What imagery does the term “graph search” bring forth in your mind? A tool that searches graphs? Possibly an executive search firm? I wouldn't be surprised to hear any of these potential responses, because the term does not ring the slightest note of familiarity for me either.
But Facebook thinks otherwise. This is evident from the fact that Facebook has brought forth the concepts of Open Graph and Graph Search. Open Graph stands for the ability to create apps that need a Facebook login, with the view of creating extremely immersive and engaging social content within the Facebook world. Graph Search stands for the engine or tool that will enable intelligent, relevant and hopefully useful searches to be conducted within the humongous user-generated content trove generated by Open Graph products. Currently this covers people, places, photos and interests.
Graph Search is designed to provide you a virtual experience based on what your network likes: places they have been to (and liked), music they listened to (and liked), movies they watched (and liked), things they did (and liked), photos they saw (and liked). The experience does not stop with that but is designed to create a cobweb of cross-combinations that in turn give rise to an incredible array of possibilities: friends who worked with you before who are presently in Singapore, restaurants liked by a potential business prospect in Chicago, photos or videos that have been taken of events in a certain place by a certain group of people, friends who have visited certain places and also uploaded photos, and so on.
The possibilities are truly spellbinding and endless. In short, what you are in for is a completely new way of searching pivoted on 'likes'. And when one weaves in layer on layer of filters using the various options available at nodal points such as people, places, events and interests, then it starts taking the proportions and anatomy of a network diagram interconnected by nodes—or a 'graph', if you must.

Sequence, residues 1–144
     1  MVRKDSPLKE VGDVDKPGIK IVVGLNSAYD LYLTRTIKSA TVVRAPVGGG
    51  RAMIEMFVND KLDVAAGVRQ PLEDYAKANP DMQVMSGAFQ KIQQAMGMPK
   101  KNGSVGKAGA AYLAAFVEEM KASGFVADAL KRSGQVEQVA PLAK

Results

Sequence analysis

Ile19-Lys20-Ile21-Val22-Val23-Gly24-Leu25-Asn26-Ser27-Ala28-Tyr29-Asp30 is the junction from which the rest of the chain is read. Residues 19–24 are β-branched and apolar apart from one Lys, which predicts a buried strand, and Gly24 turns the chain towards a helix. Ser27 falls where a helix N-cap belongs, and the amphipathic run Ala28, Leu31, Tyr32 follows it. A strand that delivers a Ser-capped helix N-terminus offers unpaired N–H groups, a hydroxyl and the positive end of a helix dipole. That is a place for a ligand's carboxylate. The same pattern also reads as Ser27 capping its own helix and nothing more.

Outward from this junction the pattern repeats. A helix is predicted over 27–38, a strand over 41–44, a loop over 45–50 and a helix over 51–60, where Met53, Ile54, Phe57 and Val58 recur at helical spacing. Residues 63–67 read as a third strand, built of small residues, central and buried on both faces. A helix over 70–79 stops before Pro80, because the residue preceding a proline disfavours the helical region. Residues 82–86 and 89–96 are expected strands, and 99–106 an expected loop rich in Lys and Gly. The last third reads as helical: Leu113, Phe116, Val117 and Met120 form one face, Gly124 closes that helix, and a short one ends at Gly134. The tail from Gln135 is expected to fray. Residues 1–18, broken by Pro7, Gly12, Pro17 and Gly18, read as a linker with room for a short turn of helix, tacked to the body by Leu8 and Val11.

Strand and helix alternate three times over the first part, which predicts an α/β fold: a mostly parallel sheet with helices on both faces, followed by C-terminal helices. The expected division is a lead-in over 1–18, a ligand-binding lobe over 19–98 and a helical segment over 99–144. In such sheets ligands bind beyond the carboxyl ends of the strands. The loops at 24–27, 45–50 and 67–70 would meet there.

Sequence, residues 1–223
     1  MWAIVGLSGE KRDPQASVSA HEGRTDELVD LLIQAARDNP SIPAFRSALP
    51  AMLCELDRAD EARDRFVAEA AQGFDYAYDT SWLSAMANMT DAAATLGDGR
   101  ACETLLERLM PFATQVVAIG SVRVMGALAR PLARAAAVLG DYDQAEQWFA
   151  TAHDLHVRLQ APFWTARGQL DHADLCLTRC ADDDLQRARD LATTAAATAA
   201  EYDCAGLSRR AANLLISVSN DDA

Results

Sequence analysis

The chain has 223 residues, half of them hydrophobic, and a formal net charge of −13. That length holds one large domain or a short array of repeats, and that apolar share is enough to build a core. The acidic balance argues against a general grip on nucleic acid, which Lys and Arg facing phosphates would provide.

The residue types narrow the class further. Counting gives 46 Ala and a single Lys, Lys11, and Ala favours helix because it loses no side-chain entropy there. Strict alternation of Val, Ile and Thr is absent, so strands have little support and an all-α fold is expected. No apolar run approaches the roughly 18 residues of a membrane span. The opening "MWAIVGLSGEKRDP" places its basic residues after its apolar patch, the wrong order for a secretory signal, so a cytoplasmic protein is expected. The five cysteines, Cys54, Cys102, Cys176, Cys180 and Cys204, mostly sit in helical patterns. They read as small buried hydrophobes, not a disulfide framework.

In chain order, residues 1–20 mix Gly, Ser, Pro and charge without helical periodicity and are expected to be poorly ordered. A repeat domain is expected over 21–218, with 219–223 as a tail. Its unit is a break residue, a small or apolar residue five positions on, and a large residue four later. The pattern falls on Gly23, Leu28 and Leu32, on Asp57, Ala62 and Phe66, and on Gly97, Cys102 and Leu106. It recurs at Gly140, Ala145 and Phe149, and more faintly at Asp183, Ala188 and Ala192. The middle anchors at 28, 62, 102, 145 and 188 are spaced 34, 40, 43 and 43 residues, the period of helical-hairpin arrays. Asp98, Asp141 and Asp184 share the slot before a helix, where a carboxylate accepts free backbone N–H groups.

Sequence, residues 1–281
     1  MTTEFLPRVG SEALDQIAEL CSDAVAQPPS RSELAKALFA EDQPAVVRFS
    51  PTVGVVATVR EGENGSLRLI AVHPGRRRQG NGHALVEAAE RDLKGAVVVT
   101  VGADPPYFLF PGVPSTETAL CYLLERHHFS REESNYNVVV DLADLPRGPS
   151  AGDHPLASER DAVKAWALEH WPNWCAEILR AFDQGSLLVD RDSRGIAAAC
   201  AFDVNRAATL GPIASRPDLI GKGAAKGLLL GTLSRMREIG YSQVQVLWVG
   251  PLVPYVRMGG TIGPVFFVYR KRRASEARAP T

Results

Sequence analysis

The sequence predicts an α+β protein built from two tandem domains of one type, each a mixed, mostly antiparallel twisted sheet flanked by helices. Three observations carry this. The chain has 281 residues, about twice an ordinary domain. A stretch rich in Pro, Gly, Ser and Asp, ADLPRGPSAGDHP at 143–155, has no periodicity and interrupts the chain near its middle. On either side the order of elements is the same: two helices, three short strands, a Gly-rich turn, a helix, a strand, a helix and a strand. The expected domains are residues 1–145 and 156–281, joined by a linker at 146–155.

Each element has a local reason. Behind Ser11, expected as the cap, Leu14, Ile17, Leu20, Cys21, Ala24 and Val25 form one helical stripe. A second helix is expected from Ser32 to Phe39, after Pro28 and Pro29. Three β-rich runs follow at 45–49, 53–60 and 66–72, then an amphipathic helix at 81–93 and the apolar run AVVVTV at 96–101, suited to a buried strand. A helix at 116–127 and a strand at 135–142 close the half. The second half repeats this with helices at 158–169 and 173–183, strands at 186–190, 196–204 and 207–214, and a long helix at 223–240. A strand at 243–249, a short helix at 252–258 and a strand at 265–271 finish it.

Although I must admit that I am not a power user of Facebook, I did take Graph Search for a quick spin, and the initial results were heartening, if not impressive in some cases. Especially when it pertains to the food and beverage department, the volume of content that was thrown up armed me with a lot of options to say 'cheers'. But I also consider this not very surprising given that this is where one would naturally expect the content volume and girth to be overwhelming. The same goes for searches pertaining to places/destinations my friends have visited or movies they liked, with further drill-down to the type of places to further refine my searches. I was able to find a bunch of great 'watering holes' that my friends had visited and refine that list down to a further set of preferred options within a certain neighborhood in a large city.
Allow me to jot down a smattering of situations we come across in our daily lives that when confronted with, we generally tend to make a beeline toward that ubiquitous search bar for solace:
- Stranded in an obscure corner of a new city
- Urgently searching for an air-con repair man
- Looking up a DIY fix for my home
- Looking up the meaning of a particularly complicated word
- Wondering how to counter the effects of the weekend of binge drinking
- Searching last minute for driving directions to that urgent client meeting
- Finding the recipe for that yummy dish you had at your friend’s place
I could go on endlessly with situations like these, but the question that lies at the kernel of my narrative is this: Would you fumble around with the Facebook Graph Search to look for answers? Or would you rather punch your query into the ever-ready Google Now app? Over the last decade, we have been conditioned to be overdependent (for good reasons) on the ubiquitous search bar across screens, apps, devices and browsers. Google Search today is inching slowly and surely toward total personalisation, meaning that search phrases and information may be automatically suggested to you at certain times, days or places depending on the ‘knowledge graph’ that Google has constructed about you.
Will the world that has come to like the highly gratifying 'links' in the search results also like the 'likes'-based result pages that are offered in the Facebook environment? Graph Search is a novel, fresh modus operandi for finding stuff, and may get very popular amongst the 'active users' within the massive Facebook audience base, provided that critical mass is acquired to provide rich results to the plethora of search requirements.
But if you ask me whether Graph Search will shake up the world of search, where Google is the Emperor, I would vigorously nod my head in disagreement. Because I believe it is not meant to, in the first place.
Hari Shankar is director of client services and director of Performics APAC.